Historic image courtesy of Multnomah County Library, Wilson Rare Book Room
While bungalows of this style ultimately proliferated throughout many western and mid-western cities, back in 1907 when the brilliant and controversial architect Alfred Faber designed this home, it was an utterly radical concept. Faber was a transplant from Philadelphia, and outspokenly advocated "modern" residential designs. He experimented liberally (and sometimes disasterously) with new materials and techniques and was continually searching for ways to use local stone in his designs. So proud was Faber of his design that in 1908 when he published his illustrated brochure The House That Differs, he featured a photo of this home on its cover.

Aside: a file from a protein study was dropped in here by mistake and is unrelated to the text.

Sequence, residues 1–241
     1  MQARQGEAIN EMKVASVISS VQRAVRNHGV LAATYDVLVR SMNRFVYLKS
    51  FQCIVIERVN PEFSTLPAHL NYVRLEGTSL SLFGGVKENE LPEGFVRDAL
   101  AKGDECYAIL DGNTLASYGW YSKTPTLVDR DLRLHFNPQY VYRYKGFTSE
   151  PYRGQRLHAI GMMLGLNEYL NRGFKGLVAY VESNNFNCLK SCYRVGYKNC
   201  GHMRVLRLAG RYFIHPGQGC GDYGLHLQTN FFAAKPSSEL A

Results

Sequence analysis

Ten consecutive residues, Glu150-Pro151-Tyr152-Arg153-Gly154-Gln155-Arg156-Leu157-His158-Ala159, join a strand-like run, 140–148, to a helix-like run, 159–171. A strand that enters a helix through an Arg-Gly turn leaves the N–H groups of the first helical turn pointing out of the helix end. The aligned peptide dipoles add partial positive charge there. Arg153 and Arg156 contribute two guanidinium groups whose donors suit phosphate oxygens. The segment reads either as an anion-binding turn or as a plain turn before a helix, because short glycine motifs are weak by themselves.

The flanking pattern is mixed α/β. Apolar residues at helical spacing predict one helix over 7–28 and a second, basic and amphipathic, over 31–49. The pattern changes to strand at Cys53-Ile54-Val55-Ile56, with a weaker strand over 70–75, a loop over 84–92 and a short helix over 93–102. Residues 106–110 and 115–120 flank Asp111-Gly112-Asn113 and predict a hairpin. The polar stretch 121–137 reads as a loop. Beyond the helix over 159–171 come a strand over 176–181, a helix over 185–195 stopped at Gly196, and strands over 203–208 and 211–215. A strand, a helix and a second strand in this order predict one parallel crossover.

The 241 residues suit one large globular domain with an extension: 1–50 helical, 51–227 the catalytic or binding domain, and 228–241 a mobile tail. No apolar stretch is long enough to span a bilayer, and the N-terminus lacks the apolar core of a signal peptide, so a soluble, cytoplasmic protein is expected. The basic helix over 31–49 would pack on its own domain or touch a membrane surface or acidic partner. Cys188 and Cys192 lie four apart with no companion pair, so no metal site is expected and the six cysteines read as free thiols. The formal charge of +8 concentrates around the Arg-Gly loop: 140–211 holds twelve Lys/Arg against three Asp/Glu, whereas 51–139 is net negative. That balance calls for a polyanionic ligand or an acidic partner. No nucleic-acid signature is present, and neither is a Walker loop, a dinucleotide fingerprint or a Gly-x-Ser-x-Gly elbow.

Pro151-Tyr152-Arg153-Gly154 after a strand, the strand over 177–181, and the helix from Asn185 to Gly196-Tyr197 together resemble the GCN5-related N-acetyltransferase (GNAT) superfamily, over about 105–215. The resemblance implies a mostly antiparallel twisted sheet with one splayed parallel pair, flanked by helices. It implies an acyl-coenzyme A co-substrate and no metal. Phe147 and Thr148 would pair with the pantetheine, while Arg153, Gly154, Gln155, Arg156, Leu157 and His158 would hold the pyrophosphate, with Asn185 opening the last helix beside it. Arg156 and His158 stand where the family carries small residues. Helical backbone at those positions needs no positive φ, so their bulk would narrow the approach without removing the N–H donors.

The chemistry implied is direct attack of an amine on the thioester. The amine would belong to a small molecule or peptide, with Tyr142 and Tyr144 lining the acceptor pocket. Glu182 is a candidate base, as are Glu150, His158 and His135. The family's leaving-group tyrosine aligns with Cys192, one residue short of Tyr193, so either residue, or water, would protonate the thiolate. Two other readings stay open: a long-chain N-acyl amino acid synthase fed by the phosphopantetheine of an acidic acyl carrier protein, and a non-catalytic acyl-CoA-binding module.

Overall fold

He was rightly proud of his design for it is a terrific example of all the qualities that made the bungalow the most popular style of home in Portland from 1906 through 1920. The overhanging roof above the front porch shelters a sleeping porch, itself a novel feature for a house of the day. This is one of the first in Irvington to use river rock so extensively - in the columns, chimney and garden wall. Its appealing rustic feel is enhanced by a deeply shaded wraparound porch, and a veritable inglenook of a porch swing. Harmony is achieved by balancing this rusticity with fine details like the scrollwork carved into the front door and the use of the charming 28 over 1 windows.
As one of only two Faber-designed homes in Irvington, we were especially pleased to have this home on the Tour in 2009 for the first time in the history of the Tour.